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An Integrator’s Airing of Grievances
Mark Coxon offers blessings and grievances for 2012, making Festivus inventor Frank Costanza proud.

Article


Festivus for the rest of us!
November 21, 2012 | by Mark Coxon

Thanksgiving is a time to reflect on the year, a time to give thanks for all the blessings you have received. It is traditionally a time of gratitude and appreciation.

Unfortunately, some also take the opportunity to air grievances that would make even Festivus inventor Frank Costanza proud.

With that, I offer up five blessings and five ways our industry made a turkey out of itself in 2012.

Blessing: New Products. In 2012 a few new products came into the mainstream that may turn out to be the future of A/V distribution. HDBaseT and Audio Video Bridging (AVB) show promise in leveraging standards-based protocols and existing network infrastructures.

Turkey: New Competition. Residential integration firms continued to flood the commercial market, some with little ability to perform, causing a downward shift in the industry’s quality as a whole.

Blessing: Infocomm Attendance. I have to admit being wrong about the possible death of industry trade shows. Right after I mentioned trade shows may be on the decline, Infocomm posted record attendance.

Turkey: InfoComm Training. InfoComm’s CTS and CAVSP programs still failed to grade integrators based on results. They are still trusting a vow to do well and the good intentions of integration firms. I think a road to somewhere was paved with those wasn’t it?

Blessing: Streaming Video. Video teleconferencing (VTC) and unified communications (UC) continued to grow, as well as Livecasting and Podcasting. As such, the video streaming codec hardware and software solution markets have been strong. Products that lower the barriers to adoption and use existing protocols and soft codecs, like Vaddio’s Easy USB gear, seem to be the future of ubiquitous communication.

Turkey: Bandwidth Charges. Data rates have been increasing as more and more devices go on the network. We have seen this first in the cellular networks, but it is coming to a hard wired connection near you in the near future. These networks were not made for the amount of traffic they are about to see, and infrastructure upgrade costs will be passed on. Watch for the Internet tax to be implemented soon as well to pay for upgrades.

Blessing: Tablet Popularity. The iPad started changing the game at it’s introduction into the market a few years ago by changing the paradigm of control panels. The continued popularity and increased adoption of tablets has made the touchscreen a defacto expectation, which opens up tons of possibilities for integrators in the digital signage and retail arenas.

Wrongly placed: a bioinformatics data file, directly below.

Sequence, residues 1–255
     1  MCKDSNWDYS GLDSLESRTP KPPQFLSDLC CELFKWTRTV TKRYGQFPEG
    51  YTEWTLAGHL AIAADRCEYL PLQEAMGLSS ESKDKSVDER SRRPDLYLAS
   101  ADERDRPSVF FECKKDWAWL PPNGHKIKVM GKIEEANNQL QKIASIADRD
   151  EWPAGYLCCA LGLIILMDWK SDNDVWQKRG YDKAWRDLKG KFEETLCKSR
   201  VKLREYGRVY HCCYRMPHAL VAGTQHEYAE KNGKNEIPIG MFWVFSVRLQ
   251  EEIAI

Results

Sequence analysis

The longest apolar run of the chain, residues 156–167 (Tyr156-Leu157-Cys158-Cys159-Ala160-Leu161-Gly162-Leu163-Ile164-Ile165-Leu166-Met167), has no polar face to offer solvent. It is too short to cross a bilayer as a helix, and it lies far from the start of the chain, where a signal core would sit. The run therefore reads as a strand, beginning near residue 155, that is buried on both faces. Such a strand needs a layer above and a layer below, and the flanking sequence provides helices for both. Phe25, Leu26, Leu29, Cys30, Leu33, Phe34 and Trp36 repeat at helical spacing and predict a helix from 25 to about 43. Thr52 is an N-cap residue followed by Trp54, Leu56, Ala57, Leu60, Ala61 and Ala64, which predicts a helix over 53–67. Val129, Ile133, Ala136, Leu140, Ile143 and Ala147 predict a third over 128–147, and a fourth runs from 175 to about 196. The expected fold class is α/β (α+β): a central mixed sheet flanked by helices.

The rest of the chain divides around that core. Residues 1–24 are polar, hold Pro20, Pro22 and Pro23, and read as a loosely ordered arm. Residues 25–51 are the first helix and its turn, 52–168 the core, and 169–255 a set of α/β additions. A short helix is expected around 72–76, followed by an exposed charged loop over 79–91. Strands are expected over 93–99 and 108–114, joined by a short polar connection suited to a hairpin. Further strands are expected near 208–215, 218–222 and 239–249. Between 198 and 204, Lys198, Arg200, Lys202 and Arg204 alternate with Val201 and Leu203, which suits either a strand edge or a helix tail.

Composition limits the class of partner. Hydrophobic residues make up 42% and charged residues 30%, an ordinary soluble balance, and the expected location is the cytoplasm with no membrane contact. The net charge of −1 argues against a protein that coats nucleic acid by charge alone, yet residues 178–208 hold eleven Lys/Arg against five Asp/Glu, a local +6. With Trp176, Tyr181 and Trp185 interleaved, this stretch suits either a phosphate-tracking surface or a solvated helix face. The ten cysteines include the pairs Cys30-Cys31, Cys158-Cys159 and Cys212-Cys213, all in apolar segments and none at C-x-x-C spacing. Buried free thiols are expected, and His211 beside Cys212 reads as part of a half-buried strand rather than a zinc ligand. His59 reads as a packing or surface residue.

Turkey: Microsoft’s Surface Tablet. The idea is great, but with a different version of the Windows 8 OS, there is not enough to make the Surface tablet an iPad killer, even for PC users. Even my 3-, 6-, and 9-year-old kids were confused about how to operate the Surface and begged to leave to go to the Disney store.

Blessing: Case Studies. 2012 was full of new case studies, amazing demonstrations of A/V in architecture and entertainment, and of seeing integrators dig in and do well in a tough economy, even finding ways to help each other in the wake of Superstorm Sandy.

Turkey: HDMI, still. Even the obscure and eccentric Lightning connector doesn’t like you. Your incompetence has single-handedly delayed the analog sunset. Can you please keep yourself plugged in and allow your signal to be extended consistently? For a guy who is all about the handshake, frankly you stink at it. Digital had so much promise to improve our lives, but instead HDMI, in true Of Mice and Men style, plays its Lennie to 3G-SDI’s George, who eventually has to take his well meaning but misguided friend out and shoot him for killing everything he touches.

About the author

Mark Coxon - Sales, Mark
Mark started his technology career at IBM in 2000 before migrating into AV integration in early 2002. He currently works at Horizon Display, an interactive multitouch hardware and software provider. Mark lives in Orange County with Lesley, his wife of 11 years and his 3 children.
View all posts by Mark Coxon
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